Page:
Limit privileged access: Users that have the highest access to corporate resources are the people that need to be monitored most closely: they are an attacker’s most valuable route into your business’s sensitive, highly critical data. Access privileges should be limited to only the information and resources that each employee needs in order to do their job. On top of that, admin accounts should not be used for routine tasks—access rights need to be easily downgraded or revoked completely when required.
Protect your access points: Secure corporate data depends on verifying a user’s identity every time they try to access important information. Business-critical resources need to be secured with enhanced data protection methods and technologies, such as:
Manual access approvals
USB device management
Implement policy procedures: Every employee is responsible for preventing data theft. To help them, organisations should create clear and explicit data security policies that hold everyone accountable for securing information. These should centre around data privacy, email usage, password protection, and mobile device usage.
Conduct periodic testing: Companies should schedule recurrent tests to assess whether their systems are meeting integrity standards. Whether simulating an attack from a malicious hacker or inspecting apps for flaws, security audits are an important part of keeping systems up to date.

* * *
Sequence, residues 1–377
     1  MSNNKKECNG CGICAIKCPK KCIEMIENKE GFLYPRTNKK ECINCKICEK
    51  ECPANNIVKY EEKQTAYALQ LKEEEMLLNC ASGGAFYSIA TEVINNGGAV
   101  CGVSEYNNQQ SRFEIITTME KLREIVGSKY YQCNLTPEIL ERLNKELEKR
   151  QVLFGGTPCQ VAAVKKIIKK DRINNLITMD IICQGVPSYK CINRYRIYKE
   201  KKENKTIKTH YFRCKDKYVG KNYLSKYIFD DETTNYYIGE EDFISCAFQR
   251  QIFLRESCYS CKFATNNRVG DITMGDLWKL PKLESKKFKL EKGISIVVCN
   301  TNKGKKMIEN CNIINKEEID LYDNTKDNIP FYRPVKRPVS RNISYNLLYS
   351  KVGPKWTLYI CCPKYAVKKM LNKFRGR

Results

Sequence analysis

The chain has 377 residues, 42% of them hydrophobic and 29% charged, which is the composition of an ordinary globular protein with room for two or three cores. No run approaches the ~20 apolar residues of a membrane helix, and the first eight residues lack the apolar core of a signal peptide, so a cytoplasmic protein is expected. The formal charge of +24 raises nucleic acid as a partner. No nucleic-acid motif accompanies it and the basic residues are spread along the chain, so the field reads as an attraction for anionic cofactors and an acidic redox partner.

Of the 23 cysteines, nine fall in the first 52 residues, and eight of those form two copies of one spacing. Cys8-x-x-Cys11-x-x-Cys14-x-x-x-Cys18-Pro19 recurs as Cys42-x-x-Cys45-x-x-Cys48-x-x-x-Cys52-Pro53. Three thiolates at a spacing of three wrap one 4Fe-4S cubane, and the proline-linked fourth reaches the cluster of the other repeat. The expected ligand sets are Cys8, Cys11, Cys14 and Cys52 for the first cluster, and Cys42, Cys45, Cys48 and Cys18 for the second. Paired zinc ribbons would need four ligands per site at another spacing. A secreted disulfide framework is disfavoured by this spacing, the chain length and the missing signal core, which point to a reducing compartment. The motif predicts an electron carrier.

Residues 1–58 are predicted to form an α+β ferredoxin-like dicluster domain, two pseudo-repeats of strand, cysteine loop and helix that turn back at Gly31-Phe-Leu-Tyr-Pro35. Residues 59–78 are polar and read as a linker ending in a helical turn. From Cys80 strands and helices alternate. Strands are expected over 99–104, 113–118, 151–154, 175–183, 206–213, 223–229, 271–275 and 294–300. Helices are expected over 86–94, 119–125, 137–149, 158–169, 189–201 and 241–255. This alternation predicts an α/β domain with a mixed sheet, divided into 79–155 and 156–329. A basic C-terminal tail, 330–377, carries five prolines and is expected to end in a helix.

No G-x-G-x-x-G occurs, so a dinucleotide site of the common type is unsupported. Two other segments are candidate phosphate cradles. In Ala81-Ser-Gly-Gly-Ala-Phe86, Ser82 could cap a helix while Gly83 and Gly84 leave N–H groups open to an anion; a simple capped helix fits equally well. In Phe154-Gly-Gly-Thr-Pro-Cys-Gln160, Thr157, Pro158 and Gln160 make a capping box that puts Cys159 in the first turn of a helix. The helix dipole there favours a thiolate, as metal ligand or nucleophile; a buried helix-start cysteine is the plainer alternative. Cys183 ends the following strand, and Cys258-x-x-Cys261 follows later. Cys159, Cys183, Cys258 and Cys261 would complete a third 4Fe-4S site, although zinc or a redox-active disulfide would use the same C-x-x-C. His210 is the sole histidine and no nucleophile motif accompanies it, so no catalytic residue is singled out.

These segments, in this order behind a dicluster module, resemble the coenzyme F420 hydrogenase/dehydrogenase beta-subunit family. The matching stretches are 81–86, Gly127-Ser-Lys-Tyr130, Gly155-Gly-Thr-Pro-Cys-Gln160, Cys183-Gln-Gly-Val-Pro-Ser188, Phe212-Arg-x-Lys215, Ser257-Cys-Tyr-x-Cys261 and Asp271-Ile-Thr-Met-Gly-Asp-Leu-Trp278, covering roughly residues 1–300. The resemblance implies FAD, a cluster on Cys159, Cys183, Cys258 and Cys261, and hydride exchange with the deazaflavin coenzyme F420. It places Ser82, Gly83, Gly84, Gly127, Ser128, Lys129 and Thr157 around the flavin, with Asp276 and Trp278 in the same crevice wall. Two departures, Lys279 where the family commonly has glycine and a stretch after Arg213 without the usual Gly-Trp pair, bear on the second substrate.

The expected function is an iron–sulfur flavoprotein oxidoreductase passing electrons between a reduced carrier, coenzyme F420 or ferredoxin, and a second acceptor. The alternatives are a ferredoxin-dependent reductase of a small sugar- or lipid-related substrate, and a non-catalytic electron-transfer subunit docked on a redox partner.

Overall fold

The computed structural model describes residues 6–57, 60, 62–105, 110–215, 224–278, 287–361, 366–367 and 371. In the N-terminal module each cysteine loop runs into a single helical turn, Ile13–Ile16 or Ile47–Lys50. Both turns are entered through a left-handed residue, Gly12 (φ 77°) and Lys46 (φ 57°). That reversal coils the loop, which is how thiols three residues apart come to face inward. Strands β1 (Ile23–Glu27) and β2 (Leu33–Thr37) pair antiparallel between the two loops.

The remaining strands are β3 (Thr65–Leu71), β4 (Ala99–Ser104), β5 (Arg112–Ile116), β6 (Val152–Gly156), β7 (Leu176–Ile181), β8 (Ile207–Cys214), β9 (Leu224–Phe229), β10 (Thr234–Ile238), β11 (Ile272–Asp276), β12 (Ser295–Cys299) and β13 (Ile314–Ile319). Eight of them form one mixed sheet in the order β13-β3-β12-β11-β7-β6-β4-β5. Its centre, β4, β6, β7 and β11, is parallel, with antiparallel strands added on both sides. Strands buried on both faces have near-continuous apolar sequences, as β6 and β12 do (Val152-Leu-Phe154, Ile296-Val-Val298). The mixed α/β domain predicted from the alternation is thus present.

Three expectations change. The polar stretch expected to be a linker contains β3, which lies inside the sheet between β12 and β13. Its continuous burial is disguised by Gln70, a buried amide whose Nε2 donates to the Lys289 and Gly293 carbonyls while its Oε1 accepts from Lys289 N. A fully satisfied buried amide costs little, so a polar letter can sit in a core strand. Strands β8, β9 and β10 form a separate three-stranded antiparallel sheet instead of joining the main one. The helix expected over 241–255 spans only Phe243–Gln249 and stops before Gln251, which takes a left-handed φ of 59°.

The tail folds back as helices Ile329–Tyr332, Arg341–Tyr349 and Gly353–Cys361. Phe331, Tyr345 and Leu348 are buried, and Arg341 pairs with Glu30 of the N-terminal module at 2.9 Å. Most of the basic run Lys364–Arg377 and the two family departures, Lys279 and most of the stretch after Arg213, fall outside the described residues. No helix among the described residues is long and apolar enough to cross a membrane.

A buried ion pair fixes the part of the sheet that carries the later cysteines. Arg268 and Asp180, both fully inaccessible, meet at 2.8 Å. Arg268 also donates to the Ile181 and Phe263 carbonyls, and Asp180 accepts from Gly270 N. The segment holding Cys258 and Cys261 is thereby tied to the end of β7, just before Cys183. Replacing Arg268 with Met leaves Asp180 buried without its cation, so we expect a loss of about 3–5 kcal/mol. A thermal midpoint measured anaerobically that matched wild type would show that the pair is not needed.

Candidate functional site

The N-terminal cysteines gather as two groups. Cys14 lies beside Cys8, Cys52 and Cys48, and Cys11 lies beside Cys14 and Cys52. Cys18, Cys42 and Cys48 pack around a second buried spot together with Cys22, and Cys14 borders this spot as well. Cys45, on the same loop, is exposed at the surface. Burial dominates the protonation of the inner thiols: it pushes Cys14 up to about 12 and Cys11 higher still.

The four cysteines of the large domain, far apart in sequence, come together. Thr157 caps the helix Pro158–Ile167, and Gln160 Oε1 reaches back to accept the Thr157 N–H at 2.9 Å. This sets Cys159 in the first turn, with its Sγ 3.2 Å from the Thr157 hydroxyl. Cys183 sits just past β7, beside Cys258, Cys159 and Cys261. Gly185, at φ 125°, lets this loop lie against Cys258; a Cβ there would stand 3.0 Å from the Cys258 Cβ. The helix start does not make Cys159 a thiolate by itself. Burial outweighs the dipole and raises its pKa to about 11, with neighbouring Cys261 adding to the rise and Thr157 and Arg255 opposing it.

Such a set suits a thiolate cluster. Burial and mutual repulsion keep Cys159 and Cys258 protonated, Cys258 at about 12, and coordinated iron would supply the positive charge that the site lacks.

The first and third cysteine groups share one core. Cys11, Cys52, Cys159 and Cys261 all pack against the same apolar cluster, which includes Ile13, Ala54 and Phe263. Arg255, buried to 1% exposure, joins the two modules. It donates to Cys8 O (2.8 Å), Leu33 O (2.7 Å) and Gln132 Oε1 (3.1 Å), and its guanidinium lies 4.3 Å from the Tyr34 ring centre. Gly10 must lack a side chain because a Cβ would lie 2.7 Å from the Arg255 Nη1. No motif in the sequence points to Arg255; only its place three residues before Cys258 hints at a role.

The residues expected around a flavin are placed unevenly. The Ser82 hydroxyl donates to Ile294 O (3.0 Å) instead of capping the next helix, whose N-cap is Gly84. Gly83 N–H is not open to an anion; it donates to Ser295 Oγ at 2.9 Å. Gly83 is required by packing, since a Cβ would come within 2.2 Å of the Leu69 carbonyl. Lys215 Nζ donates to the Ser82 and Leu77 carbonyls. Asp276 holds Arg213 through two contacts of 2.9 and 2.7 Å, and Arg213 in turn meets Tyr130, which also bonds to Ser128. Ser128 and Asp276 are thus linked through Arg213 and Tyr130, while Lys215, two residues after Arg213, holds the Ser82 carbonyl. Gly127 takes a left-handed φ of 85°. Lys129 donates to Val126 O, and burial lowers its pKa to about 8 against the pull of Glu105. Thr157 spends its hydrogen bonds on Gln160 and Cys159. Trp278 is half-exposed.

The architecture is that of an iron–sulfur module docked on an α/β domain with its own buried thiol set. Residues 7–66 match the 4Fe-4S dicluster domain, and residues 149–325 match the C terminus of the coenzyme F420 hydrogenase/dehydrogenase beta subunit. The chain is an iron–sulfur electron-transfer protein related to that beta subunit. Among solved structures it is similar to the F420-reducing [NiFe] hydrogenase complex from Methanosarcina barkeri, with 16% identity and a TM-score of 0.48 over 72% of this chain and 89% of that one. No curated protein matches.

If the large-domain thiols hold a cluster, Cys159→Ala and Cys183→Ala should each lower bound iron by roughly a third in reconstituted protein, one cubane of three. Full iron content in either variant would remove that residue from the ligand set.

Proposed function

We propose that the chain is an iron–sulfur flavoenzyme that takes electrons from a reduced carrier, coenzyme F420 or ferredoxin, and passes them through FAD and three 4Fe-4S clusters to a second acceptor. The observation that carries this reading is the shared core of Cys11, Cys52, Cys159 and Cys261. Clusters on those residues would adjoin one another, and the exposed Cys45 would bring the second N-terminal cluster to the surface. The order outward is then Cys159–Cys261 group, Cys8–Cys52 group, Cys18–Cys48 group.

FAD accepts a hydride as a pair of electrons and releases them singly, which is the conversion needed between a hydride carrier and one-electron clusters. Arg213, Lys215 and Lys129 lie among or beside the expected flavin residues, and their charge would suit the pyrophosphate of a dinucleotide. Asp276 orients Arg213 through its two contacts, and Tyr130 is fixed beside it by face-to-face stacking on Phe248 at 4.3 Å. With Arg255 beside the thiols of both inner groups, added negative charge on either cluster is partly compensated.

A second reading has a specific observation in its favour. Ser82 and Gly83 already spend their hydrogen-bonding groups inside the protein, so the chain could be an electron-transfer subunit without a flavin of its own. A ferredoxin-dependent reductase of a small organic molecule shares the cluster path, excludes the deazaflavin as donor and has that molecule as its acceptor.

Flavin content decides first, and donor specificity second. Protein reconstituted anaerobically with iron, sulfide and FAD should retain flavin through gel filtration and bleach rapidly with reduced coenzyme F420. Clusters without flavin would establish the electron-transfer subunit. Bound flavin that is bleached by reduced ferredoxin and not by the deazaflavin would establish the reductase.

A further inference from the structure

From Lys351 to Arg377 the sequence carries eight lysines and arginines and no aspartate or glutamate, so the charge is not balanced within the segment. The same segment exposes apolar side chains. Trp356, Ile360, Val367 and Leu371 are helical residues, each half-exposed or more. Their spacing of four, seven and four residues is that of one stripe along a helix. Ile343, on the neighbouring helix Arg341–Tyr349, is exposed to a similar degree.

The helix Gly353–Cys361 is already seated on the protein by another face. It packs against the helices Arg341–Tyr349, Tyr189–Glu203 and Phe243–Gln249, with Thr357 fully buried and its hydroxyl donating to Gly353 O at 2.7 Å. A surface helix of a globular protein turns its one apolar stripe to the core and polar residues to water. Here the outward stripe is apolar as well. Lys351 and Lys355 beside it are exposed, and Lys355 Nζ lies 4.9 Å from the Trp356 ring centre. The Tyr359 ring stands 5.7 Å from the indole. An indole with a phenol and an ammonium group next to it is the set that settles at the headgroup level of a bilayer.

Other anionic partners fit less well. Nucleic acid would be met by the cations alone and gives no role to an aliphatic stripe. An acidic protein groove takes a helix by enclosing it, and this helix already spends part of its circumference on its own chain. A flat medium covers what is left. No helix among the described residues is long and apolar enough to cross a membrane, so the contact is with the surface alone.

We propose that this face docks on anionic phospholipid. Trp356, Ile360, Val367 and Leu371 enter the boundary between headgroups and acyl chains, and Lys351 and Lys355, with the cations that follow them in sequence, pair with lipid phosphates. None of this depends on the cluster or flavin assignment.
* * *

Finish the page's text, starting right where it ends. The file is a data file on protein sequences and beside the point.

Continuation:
Adapt new security models: In addition to verifying users, businesses must also look to security frameworks such as Forrester’s Zero Trust Extended Ecosystem and Gartner’s continuous adaptive risk and trust assessment (CARTA).
Zero Trust shifts the focus away from securing the traditional network perimeter to instead securing every endpoint, which eliminates the concept of trusted insiders.
CARTA looks at cybersecurity as an adaptive function in which no entities are trusted by default and access requests are always based on the current context. Technologies like anomaly detection, machine learning, and UEBA can help organisations handle incidents that wouldn’t be detected under traditional rule-based solutions.
Protecting your company from data theft takes proactive planning and daily monitoring. For more information about how Okta can help your business reduce the risk of data theft, read our Security Technical Whitepaper.